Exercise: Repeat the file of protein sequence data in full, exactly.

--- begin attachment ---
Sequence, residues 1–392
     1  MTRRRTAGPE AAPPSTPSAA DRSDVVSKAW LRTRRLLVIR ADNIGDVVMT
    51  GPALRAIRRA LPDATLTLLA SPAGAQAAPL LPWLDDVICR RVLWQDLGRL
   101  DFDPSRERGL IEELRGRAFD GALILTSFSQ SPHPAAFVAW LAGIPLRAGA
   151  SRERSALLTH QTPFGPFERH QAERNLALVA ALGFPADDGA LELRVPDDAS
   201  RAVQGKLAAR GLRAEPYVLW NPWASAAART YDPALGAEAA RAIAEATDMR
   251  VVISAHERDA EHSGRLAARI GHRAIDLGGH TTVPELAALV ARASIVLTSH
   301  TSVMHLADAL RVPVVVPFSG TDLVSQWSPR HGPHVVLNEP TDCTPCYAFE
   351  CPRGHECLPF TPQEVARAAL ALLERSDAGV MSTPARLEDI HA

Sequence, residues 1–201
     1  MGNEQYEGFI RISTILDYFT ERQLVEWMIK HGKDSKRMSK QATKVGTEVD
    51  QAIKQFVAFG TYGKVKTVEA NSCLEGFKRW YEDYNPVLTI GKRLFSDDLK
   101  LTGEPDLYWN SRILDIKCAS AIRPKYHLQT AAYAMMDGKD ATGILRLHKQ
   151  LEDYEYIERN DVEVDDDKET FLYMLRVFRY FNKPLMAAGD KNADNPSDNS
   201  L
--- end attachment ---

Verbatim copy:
Sequence, residues 1–392
     1  MTRRRTAGPE AAPPSTPSAA DRSDVVSKAW LRTRRLLVIR ADNIGDVVMT
    51  GPALRAIRRA LPDATLTLLA SPAGAQAAPL LPWLDDVICR RVLWQDLGRL
   101  DFDPSRERGL IEELRGRAFD GALILTSFSQ SPHPAAFVAW LAGIPLRAGA
   151  SRERSALLTH QTPFGPFERH QAERNLALVA ALGFPADDGA LELRVPDDAS
   201  RAVQGKLAAR GLRAEPYVLW NPWASAAART YDPALGAEAA RAIAEATDMR
   251  VVISAHERDA EHSGRLAARI GHRAIDLGGH TTVPELAALV ARASIVLTSH
   301  TSVMHLADAL RVPVVVPFSG TDLVSQWSPR HGPHVVLNEP TDCTPCYAFE
   351  CPRGHECLPF TPQEVARAAL ALLERSDAGV MSTPARLEDI HA

Sequence, residues 1–201
     1  MGNEQYEGFI RISTILDYFT ERQLVEWMIK HGKDSKRMSK QATKVGTEVD
    51  QAIKQFVAFG TYGKVKTVEA NSCLEGFKRW YEDYNPVLTI GKRLFSDDLK
   101  LTGEPDLYWN SRILDIKCAS AIRPKYHLQT AAYAMMDGKD ATGILRLHKQ
   151  LEDYEYIERN DVEVDDDKET FLYMLRVFRY FNKPLMAAGD KNADNPSDNS
   201  L